Personally, I have always enjoyed crossover music styles. In fact, I'd go as far as saying, crossover tends to be the best music! Sure, I should not generalize, and certainly there are many examples to the contrary. However, just like in cooking, when you combine different tastes, something completely new could emerge surpassing all ingredients by themselves. With music it's not much different.
In the United States it's a pretty obvious fact that the fusion of Blues, Country Music, and Bluegrass created the phenomenon of Rock and Roll, which itself got further mixed into such things as Metal, Punk, or even Dream Pop.
I have always found that the most exciting thing about music was when an artist tried to interpret a known song in his or her own style, creating something new out of something old. In my humble opinion, that is what has always been behind amazing new music, probably ever since people first started singing and clapping.
I was therefor rightfully surprised when I was confronted with Hungarian purists regarding "real" and "fake" Hungarian music.
Not Everyone's Cup of Tea
As I have mentioned a little bit in previous posts of mine, there is a strong sense of purism among Hungarians (and probably other cultures too, I just happened to experience it in my own homeland, after growing up in other countries), especially when it comes to folklore. In my post about wedding rock I mentioned the criticism these bands received for playing old traditional songs on electric guitars. Fair enough, the music was honestly a bit on the "horrible" side of the spectrum, so I understand throwing anything you got against them. But then I found the same adverse reactions with another group I actually thought were pretty great: Ghymes.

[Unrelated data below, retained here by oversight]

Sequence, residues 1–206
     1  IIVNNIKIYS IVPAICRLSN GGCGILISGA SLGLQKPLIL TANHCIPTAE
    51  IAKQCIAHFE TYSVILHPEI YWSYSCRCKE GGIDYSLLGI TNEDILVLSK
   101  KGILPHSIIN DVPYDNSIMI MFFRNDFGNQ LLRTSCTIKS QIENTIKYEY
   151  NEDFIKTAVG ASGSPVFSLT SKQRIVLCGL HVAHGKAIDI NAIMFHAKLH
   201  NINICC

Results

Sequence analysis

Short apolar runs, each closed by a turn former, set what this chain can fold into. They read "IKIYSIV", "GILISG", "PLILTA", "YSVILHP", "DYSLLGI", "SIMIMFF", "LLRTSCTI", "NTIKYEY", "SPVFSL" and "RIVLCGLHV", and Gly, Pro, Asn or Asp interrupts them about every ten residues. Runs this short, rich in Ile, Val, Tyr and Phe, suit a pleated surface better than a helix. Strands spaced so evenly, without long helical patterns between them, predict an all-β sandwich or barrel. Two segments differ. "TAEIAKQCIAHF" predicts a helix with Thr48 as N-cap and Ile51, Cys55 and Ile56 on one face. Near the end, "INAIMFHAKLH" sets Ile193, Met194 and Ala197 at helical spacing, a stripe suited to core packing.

Are Those Guys Even Real Hungarians?
It was probably around 2000 when I first heard of Ghymes. They are a group from Nitra, Slovakia, consisting mostly of ethnic Hungarians, who like to ... well, blend various musical styles. They like many folk elements, a bit of medieval sound, a good amount of rock and classical styles, and lately even pop. When I first heard their Rege album, I was completely floored. Their other albums I was not too keen on, but Rege... I can't talk it up high enough!
Though I really like just about every song on that album, my very favorite one is called Eskü, meaning promise or vow, and its lyrics are the most gorgeous poetic and folkloric description of lovemaking I have ever come across. Plus it has the sweetest tune ever, using bagpipes and violins. Okay, I may be preconceived a bit, as I have some lovely memories associated with it, but still: Who would not simply melt away hearing this wonderful song?
Fake, Bling, Urban, Treasonous!
I admit, not everyone has the same taste, and if you guys say "this is really not my style of music" I have no problems with it. But specifically in Hungary there seems to be this huge crowd of folks trying to preserve the purity of something which in my opinion has never been pure to begin with. Why that is, I can only speculate about, but I guess it has probably to do with some misplaced national identity. And I would be a fool to think it only applies to Hungary, however I have never seen it at this extent in Germany, Mexico, or let alone the US, where everything is quite mixed already, getting further re-mixed into new things.
Taking Things to Another Level
So if these purists-nationalists react this way to Ghymes, what would they say to Deep Forest's album Boheme, performed with the Hungarian vocalist Sebestyén Márta?